We were brought in by JLZ Communications to work with print designer D’Arcy Chiapetta on a new web presence for Delco Foods. Together we created a very unique site that not only looks fantastic, but provides great information that makes your mouth water.

In addition to being pleasant to the visitors, the site’s admin tool allows the marketing team to add news items and recipes, and update information as their content changes. This makes changes quick and easy without the need for TGFI to make updates for them.

Buon appetito!

How Fast Does Your Website Load?

Wed, 27 Jan 2016 04:06:18 +0000

FACT: The speed at which a page loads is directly proportional to both customer satisfaction and conversion rate.

In 2006 Google did a comparison test to show 30 results per page instead of 10. Traffic and revenue dropped by 20% despite being a change people had requested. Why was this the case? It took an additional 0.5 seconds to render the page. Speed matters.


Google knows a lot about customer browsing behavior. They know how fast a site loads versus how long a person stays on the site. They even take it into account when ranking your website for keywords. The longer a person stays on your site the better. The longer it takes to show them the content, the faster they jump ship. Late last year

Google released the Chrome web browser for Windows as an attempt to speed things up on the visitor’s end. It worked very well and lit quite a fire under web browser developers. Safari 3, Firefox 3 and IE 8 have all seen improvements in speed because of it.

The new Safari 4 beta for Mac however, has set a new bar. It’s faster than any other browser we’ve ever used. It loads some 8 times faster than IE 7.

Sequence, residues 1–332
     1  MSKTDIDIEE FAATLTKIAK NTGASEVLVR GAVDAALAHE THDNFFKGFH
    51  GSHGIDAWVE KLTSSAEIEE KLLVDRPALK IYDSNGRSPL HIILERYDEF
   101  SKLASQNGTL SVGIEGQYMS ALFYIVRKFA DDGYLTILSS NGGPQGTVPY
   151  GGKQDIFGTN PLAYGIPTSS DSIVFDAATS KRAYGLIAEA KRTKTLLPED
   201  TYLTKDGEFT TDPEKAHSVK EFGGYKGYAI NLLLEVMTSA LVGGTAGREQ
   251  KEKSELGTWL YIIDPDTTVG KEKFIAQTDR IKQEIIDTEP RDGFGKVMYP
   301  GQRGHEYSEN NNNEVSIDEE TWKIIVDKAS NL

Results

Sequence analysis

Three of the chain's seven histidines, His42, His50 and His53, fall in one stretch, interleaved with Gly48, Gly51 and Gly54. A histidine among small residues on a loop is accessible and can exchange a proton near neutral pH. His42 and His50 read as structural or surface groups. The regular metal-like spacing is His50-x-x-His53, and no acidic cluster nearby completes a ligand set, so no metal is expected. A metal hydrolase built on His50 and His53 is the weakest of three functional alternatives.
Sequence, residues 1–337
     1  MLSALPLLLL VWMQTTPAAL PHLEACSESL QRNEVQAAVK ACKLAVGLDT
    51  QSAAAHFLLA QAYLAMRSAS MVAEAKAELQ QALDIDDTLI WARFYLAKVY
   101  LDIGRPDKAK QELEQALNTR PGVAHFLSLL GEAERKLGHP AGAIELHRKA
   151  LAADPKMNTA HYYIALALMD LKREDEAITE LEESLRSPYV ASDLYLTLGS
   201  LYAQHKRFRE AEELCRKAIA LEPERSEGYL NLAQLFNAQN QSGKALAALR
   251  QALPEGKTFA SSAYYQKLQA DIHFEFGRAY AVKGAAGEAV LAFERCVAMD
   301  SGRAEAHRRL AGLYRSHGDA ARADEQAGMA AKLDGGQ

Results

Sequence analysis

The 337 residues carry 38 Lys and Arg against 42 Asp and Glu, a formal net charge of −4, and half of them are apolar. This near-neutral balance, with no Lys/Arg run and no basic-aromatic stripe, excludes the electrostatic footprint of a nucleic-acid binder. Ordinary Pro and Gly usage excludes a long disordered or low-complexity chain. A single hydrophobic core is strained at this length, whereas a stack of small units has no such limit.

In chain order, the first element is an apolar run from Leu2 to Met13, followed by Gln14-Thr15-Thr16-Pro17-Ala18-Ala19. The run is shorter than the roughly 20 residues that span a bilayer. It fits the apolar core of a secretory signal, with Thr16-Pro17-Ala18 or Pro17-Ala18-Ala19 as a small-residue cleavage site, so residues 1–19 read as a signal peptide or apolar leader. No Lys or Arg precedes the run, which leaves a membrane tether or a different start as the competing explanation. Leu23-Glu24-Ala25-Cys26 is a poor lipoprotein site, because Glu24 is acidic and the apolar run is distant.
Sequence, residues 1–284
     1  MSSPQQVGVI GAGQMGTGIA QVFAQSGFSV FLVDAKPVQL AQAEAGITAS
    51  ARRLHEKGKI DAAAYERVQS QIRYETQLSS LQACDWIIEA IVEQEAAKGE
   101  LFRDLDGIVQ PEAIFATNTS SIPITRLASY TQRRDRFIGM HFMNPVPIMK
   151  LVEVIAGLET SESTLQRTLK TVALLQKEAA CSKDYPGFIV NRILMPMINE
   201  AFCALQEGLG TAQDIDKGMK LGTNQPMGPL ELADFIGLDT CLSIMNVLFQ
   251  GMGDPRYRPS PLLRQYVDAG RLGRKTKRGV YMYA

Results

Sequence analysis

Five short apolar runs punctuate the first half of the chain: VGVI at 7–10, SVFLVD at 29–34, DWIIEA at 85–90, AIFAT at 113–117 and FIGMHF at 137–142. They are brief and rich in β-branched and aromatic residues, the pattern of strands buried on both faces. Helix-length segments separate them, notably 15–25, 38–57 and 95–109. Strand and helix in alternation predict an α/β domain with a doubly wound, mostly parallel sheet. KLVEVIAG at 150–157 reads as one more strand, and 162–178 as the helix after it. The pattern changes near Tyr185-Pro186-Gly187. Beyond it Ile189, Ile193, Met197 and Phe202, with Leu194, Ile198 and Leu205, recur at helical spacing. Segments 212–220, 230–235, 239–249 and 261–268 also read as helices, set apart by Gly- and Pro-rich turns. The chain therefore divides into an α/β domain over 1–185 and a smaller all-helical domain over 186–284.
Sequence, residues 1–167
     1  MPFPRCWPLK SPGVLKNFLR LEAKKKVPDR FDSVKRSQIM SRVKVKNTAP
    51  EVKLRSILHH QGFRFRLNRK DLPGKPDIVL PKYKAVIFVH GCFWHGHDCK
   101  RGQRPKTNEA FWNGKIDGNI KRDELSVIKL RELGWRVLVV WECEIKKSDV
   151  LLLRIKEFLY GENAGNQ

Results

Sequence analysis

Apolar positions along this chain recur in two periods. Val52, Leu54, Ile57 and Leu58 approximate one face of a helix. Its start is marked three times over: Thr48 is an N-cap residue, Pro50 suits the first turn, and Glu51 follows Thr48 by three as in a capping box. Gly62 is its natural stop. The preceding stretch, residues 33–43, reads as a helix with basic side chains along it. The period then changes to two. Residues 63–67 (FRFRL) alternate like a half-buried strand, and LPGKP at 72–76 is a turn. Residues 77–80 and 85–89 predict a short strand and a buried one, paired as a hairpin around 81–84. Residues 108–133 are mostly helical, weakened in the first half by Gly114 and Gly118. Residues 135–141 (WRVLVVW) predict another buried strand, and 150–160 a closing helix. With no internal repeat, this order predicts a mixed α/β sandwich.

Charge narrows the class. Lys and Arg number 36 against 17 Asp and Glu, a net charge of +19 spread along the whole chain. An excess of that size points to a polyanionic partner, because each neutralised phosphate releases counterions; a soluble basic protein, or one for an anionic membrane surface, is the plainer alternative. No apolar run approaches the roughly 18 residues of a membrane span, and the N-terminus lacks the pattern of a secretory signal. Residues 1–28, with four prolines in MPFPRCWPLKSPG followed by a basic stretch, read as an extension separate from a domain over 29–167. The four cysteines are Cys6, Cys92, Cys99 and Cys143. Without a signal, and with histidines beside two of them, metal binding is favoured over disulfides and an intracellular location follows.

What You Can Do to Speed Up Your Web Site

Since most people aren’t using Safari 4 and are using IE 6 or 7, here are some ways to speed up your site.

  • Make your images smaller through optimizing file size.
  • Only load what you need on a page. File sizes add up quick to slow you down.
  • Make sure your HTTP headers are setup to allow client side caching of images and scripts. This helps on future page loads.Cache your database driven pages as rendered HTML files. We use the wp-cache or wp-supercache plugin on every WordPress site we build and custom caching solutions in frameworks like Ruby on Rails.
  • Host your site close to your customers on good equipment. 25 milliseconds of latency going across the country adds up quick. Our homepage loads 19 files (the page, images, javascript, etc). That’s nearly half a second just by being close to home!

Even with the best keywords, landing page design, content and offer your conversions will suffer due to slow load times. We can help. Just give us a call.

Our Work: Redesigning the Bible

Wed, 27 Jan 2016 04:06:18 +0000

Just1Word is a small Christian non-profit with a giant goal in mind: change the way teens and young adults see the bible.


We were first contacted by Just1Word to provide some help with Ruby on Rails programming and server setup. A few weeks into the project the goals were changing and the future was looking a lot brighter.

Research shows that 14-25 year olds consume information constantly. They do it online and they do it with their friends. If you want to get their attention, you have to go where they are and passively get them involved.

We started by changing the information architecture of the Bible. We de-emphasized the reading aspect and brought forth the social. As a key differentiator from all other Bible sites, we grouped the information into thousands of new topics and stories. You’d be surprised how many strange and comical ways people died in the Bible.

They’re also keeping up with people on Facebook and Twitter. On their first day after relaunching, they gained over 1,000 followers on Twitter. People are asking questions and they’re getting great feedback. It’s a precious dialogue of trust that you just can’t buy in the offline world. They’re being rewarded for it with referrals and repeat visits many times over.

Chris has also been search engine optimizing pages to make sure that people looking for Bible verses can find what they need quickly. As of last check, Google had indexed over 60,000 pages. When we’re finished we’ll be at nearly one million pages of unique content.

The next step is developing a Facebook application to get people involved and sharing the Bible between friends.

It’s an ambitious goal, but they’re off to a great start.

How to Attract Constant Attention to Your Website

Wed, 27 Jan 2016 04:06:18 +0000